CEOs in the KPMG report cited the regulatory environment (40%) and risk management (37%) as the factors that will most significantly impact the CFO role moving forward. Meanwhile, CFOs identified big data and analytics (40%) as the greatest future challenge.
This disconnect is not as stark, but it’s still significant in terms of the expectations CEOs have when they look to their CFO for guidance as they chart their organization’s future direction.
Two ways to move toward a more aligned vision of the future include:
Rethink your view on regulation: Most CEOs don’t have the time to keep up with every regulatory change and what it might mean for the business. As a CFO, you can add value by updating your reporting practices by providing insights into how regulations will likely impact business—and how to respond effectively. “Don’t view regulation as a burden,” said Morris Treadway, KPMG global head of financial management and global lead for EPM Center of Excellence. “See if you can turn that into a competitive edge or opportunity. Many CEOs actually see an opportunity to capitalize on the regulatory changes. That mindset can get you ahead of the curve and drive a competitive advantage.”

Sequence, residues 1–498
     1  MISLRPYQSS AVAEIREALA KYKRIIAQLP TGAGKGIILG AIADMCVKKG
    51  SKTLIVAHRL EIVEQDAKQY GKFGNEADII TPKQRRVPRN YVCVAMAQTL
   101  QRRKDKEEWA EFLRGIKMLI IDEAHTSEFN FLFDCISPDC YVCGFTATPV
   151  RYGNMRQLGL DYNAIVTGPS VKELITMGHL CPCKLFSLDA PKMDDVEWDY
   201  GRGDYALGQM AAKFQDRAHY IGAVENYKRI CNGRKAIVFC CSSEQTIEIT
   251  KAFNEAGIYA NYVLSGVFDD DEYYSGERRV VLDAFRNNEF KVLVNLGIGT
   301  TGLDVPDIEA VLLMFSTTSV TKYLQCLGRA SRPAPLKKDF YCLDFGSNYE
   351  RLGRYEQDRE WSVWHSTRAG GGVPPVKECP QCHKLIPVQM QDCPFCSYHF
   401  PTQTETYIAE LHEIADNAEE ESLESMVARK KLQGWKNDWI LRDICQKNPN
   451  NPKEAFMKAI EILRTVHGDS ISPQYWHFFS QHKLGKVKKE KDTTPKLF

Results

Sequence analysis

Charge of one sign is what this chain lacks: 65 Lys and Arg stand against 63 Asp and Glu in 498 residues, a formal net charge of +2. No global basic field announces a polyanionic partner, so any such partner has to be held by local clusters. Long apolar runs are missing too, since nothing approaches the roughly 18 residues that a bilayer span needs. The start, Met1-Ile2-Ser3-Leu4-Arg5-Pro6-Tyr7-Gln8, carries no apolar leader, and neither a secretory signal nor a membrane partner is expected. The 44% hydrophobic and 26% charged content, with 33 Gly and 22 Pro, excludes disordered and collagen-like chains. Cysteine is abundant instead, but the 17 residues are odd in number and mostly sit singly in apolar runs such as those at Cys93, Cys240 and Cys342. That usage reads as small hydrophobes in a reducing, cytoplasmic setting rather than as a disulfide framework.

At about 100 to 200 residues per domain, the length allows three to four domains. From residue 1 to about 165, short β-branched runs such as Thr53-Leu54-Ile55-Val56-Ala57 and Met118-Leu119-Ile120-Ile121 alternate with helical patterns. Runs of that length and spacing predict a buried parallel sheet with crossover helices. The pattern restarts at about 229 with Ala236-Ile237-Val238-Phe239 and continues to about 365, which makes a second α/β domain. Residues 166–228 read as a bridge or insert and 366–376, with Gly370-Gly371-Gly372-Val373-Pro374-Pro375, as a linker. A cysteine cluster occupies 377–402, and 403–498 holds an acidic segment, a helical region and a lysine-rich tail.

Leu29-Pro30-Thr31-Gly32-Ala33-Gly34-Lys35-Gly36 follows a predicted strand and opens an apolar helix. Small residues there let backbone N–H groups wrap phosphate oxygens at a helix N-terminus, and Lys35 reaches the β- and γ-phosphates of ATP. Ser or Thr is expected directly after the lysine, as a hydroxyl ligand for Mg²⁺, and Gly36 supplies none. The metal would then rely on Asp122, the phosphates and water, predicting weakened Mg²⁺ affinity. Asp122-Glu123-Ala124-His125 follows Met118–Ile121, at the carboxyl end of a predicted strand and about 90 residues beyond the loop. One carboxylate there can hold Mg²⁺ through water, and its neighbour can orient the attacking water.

Highlight your big data dilemma: Clearly, for many CFOs, the sheer volume and veracity of data coming into the organization pose a formidable challenge. Making your CEO more aware of the challenges and opportunities that big data and analytics represent can move toward more shared awareness. It can also help you make the case for more resources—technology and talent—to effectively leverage big data as a competitive advantage.
In the KPMG “The View From the Top” report, the majority of CEOs identified the CFO as the most important C-suite officer to partner with them. By thinking more like a CEO—and taking purposeful steps toward better alignment—CFOs can continue to assume a greater strategic role in driving corporate performance. Ultimately, that is good for the business—and for your future career prospects, particularly if you have an eye on the CEO seat.